The human brain is smaller than most people imagine, it can be held in one hand and weighs about 3 pounds. However, the innocuous looking gray matter is infinitely complex and barely understood. But part of the challenge to understanding, despite the number of researchers, scientists, and doctors dedicated to its study, is that there is no central hub of information, mapping, or data gathering for brain research. Soon though, the Human Brain Project (HBP) hopes to change all that.
“The brain is too complex to sit in your office and solve it alone,” says Katrin Amunts, a neuroscientist who co-leads the 3D-PLI project at Jülich. The 3D-PLI project, short for a 3D polarized light image, is just one example of hundreds of different brain-related studies happening across the world. The project is imaging slices of a brain, only 60 micrometers wide, to track the orientation of nerve fibers. The images are so detailed that each slice creates 40 gigabytes of data and when the entire 3D digital reconstruction is completed, a single brain will take a few petabytes of storage,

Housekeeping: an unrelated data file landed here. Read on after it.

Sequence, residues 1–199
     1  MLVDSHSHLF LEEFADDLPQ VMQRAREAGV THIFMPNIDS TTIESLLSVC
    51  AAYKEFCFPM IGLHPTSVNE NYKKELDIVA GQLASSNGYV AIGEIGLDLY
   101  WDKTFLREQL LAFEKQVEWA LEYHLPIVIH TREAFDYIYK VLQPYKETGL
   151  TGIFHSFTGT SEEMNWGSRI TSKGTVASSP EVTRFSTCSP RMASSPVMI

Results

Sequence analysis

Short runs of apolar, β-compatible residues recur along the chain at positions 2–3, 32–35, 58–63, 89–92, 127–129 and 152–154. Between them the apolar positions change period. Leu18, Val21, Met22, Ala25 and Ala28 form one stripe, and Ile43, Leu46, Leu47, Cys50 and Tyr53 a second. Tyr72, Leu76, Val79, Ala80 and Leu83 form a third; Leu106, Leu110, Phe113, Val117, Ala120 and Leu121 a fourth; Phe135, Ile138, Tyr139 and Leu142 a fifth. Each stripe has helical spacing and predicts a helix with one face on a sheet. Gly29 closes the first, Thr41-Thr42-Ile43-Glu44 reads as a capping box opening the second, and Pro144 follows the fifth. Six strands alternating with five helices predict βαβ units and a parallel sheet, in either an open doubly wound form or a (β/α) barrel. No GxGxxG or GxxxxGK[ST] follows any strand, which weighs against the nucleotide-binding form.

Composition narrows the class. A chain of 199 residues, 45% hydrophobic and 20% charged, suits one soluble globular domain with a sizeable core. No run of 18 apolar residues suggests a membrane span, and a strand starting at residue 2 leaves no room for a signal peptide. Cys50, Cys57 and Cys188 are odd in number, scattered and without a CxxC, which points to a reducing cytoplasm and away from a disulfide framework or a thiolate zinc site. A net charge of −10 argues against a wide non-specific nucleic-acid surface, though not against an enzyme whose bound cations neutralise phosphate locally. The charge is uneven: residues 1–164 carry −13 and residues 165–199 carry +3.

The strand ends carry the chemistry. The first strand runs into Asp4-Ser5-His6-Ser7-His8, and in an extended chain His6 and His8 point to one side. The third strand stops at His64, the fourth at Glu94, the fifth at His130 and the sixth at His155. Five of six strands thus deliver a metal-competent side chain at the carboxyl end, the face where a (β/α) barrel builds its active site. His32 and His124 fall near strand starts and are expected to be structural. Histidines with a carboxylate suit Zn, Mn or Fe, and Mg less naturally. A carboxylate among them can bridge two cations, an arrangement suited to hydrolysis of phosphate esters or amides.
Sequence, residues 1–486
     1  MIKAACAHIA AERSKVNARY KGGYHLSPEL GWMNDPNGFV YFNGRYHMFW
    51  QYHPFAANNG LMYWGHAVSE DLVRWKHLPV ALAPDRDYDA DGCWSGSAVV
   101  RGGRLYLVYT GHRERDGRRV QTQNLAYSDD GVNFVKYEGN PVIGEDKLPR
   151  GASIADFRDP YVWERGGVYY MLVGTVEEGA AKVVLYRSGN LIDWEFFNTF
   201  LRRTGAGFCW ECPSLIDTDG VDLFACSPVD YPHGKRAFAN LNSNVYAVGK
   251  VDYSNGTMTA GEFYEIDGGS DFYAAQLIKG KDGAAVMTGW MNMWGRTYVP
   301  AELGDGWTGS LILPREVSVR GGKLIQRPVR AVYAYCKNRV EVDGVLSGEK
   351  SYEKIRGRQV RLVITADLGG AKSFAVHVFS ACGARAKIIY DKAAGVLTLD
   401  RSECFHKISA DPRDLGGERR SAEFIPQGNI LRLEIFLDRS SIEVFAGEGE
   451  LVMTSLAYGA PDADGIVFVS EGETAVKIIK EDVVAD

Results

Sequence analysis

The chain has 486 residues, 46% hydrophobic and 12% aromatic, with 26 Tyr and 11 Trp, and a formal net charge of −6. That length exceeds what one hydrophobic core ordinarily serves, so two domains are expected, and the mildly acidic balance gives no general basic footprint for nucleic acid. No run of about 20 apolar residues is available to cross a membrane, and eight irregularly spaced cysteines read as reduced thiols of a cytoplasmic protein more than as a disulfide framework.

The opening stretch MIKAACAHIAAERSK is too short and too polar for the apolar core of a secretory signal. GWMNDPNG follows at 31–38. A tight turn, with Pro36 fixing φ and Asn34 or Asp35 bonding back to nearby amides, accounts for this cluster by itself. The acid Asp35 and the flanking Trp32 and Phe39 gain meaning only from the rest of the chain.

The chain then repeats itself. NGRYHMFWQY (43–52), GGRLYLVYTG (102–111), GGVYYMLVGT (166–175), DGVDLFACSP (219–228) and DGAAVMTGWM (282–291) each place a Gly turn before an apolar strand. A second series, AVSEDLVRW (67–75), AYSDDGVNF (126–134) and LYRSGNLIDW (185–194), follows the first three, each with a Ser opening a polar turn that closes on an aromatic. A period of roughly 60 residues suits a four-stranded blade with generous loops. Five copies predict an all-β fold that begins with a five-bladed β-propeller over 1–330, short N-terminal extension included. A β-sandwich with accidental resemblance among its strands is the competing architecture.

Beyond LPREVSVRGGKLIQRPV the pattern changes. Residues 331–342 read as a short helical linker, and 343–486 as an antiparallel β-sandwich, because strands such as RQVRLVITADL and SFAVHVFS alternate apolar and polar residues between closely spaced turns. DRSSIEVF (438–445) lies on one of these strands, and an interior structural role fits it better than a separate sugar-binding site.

With these scans, combined with the results of studies and experiments around the world, neuroscientists anticipate that fundamental advancements can occur in the field and important questions will be answered. The human brain could be searched and flipped through to examine in detail nerve fibers and see how it’s all related on the cellular level with connections to the most recent, permanent research regarding that part of the brain.
“We don’t have the faintest idea of the molecular basis for diseases like Alzheimer’s or schizophrenia or others. That’s why there are no cures,” says Paolo Carloni, director of the Institute for Computational Biomedicine at Jülich. “To make a big difference, we have to dissect [the brain] into little pieces and build it up again.”
In order to build a central resource, scientists not only need funding, but also the computing hardware and software, and they need most labs and scientist to work together and share freely. The future of neuroscience needs researchers to make the leap from individual projects and labs to a worldwide association. But the road to a concentrated consortium is not an easy one as the Human Brain Project has already discovered.